• Protein Powders: Vega , Bluebonnet , Garden of Life, Jarrow Formulas
    • Measure and look at your frozen fruits! Yes, they do add sugar to frozen fruits. Use a measuring cup to scoop out the mixed fruits and if using a banana use just half (they have high cho content).
  5. Low-Carb Pancakes: For these use almond or coconut flour. Feel free to use Unsweetened non-dairy milk, I use Unsweetened Almond 🙂 Here is a nice paleo carrot cake recipe from Bob’s Red Mill to check out!
  6. Breakfast Panini:  Nice thing about this is you don’t have to have a Panini press, you can use  your stove to get the similar effect!  I have personally stopped buying bread at my house. But I realize this is not a realistic option for others. There are some nice bread options and when I did buy bread here are a few I used:
  7. Home-style Breakfast: No fuss, nothing fancy just eggs, sausage, and potatoes. Eggs truly are a nutrition powerhouse, a great source of protein, low-calorie, and low carb plus choline! Choline is ultra beneficial for brain, liver,metabolic health and so much more. According to Linus Pauling the AI for choline for men and women 19 yrs and older is 550mg/day and and 425mg/day respectively. One egg has about 250mg of choline!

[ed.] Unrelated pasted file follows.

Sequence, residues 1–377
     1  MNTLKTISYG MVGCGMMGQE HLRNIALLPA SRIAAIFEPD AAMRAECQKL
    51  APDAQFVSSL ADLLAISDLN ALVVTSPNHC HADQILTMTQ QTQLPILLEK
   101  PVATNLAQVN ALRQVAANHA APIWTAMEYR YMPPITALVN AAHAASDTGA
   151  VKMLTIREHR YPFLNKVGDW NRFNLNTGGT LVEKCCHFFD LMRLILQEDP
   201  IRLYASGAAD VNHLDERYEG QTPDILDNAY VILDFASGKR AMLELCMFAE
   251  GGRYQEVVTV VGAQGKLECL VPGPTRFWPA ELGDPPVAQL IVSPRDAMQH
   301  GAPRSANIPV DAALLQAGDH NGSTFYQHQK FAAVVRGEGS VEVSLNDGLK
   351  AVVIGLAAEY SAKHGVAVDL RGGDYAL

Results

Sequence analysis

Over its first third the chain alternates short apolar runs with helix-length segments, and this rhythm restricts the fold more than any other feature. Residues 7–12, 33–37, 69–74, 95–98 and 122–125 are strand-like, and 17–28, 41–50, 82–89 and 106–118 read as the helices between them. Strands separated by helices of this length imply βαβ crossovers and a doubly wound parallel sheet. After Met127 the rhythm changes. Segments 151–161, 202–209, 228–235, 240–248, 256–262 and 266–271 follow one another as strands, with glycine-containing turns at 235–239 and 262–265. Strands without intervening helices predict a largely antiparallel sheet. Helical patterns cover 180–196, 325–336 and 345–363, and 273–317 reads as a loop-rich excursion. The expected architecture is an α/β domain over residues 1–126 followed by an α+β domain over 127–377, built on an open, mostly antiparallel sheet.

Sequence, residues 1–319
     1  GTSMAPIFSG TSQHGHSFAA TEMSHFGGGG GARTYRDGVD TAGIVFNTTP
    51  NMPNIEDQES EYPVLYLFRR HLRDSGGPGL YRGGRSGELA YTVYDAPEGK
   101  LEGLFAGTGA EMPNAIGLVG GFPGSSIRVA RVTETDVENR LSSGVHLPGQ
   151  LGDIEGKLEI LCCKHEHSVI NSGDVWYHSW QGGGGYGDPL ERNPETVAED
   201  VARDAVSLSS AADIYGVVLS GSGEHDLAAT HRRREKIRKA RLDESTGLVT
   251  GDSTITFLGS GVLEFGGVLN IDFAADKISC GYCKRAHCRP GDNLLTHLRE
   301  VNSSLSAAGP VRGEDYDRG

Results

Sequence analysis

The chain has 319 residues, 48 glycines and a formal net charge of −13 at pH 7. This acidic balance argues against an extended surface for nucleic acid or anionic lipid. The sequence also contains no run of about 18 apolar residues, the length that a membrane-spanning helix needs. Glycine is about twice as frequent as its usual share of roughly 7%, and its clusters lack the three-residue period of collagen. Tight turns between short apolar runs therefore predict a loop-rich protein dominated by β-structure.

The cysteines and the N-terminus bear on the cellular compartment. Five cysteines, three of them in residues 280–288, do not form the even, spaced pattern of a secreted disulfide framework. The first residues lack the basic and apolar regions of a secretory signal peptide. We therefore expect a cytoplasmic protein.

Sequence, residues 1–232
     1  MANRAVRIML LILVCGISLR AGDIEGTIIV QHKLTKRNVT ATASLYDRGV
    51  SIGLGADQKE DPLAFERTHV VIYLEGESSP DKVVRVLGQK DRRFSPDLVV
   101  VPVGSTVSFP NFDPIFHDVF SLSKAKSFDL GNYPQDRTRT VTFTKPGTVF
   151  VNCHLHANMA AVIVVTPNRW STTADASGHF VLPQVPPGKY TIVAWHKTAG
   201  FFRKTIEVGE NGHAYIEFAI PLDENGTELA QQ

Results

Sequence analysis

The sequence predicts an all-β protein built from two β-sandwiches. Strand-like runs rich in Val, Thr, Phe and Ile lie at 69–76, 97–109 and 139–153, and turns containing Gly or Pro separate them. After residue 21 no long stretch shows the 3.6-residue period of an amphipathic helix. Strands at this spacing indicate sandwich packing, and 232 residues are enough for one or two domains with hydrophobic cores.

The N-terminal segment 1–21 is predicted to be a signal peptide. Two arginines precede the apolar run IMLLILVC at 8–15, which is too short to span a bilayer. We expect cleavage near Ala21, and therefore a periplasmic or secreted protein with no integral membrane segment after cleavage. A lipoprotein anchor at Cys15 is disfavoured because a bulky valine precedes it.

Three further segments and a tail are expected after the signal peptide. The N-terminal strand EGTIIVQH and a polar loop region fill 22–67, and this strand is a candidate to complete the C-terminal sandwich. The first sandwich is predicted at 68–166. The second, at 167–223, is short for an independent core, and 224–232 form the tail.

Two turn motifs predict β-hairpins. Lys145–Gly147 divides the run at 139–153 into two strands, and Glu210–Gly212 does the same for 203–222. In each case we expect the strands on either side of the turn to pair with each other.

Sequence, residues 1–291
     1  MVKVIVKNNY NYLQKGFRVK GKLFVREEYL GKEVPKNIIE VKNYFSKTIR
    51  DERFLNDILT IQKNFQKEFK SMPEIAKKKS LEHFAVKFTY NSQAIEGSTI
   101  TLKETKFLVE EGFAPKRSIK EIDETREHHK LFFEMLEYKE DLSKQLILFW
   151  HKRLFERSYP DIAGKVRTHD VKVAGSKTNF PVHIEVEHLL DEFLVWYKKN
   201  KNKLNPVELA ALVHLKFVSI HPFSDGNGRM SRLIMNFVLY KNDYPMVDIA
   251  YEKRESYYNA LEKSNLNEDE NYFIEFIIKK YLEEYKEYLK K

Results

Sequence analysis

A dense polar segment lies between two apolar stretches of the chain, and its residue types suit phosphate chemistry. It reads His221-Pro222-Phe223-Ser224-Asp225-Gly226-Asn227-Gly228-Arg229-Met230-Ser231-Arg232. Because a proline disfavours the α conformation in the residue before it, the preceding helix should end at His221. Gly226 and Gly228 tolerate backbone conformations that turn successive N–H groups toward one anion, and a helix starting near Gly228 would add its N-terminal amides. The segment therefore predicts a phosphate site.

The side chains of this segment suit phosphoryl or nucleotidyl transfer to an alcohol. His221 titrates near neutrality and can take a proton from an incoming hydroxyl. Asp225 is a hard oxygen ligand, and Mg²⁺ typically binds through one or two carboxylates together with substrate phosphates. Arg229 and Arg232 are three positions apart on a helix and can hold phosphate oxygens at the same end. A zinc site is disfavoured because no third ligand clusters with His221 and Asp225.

• Sausage: Applegate farms
    • Potatoes: Roasted Potatoes with Peppers and Onions from Trader Joe’s or you are more than welcome to saute some sweet / red potatoes with peppers if you have the time!
  8. PB+J Oats: Comfort food at its best! Now, you do not have to use the crock pot for this one, you can just add the oats (same recipe as above) but instead of adding honey for a sweet touch at the end add a tablespoon of your favorite nut butter and whole fruit spread!
  9. Greek Yogurt and Chia Parfait: I love the thick, creamy taste of Greek yogurt, not to mention I love being able to add whatever toppings to it depending on what I feel. For this reason I prefer to buy plain. It is so simple to throw in two (heaping scoops of plain Greek yogurt, a 1/2 tablespoon of chia seeds, whole fruits into a mason jar and off to work you go! Why is plain Greek yogurt better?  Well it is a great source of calcium and protein but also because when you buy the Greek yogurt plain you also avoid the added sugar they usually put in with the “flavors”. Take a look at all the flavored options next time you are at the store and see for yourself!
  10. Banana Museli Muffin: Baking with bananas is my thing. They are a nice source of natural sweetness and are great in baked goods. The great thing about muffins is that you can make them one day and have enough for the week! I like to add flax and oats to my muffin recipes for some nice fiber sources. Here’s a recipe from food.com to get you started!

Eating healthfully to manage blood sugar should not be a chore! You can still have delicious foods that are simple to make without spiking your sugar. If you try any of these breakfast ideas let me know, I would love to hear how they worked for you!

Happy eating my savvy berries!

 

 

 

 

 

References: http://lpi.oregonstate.edu/mic/other-nutrients/choline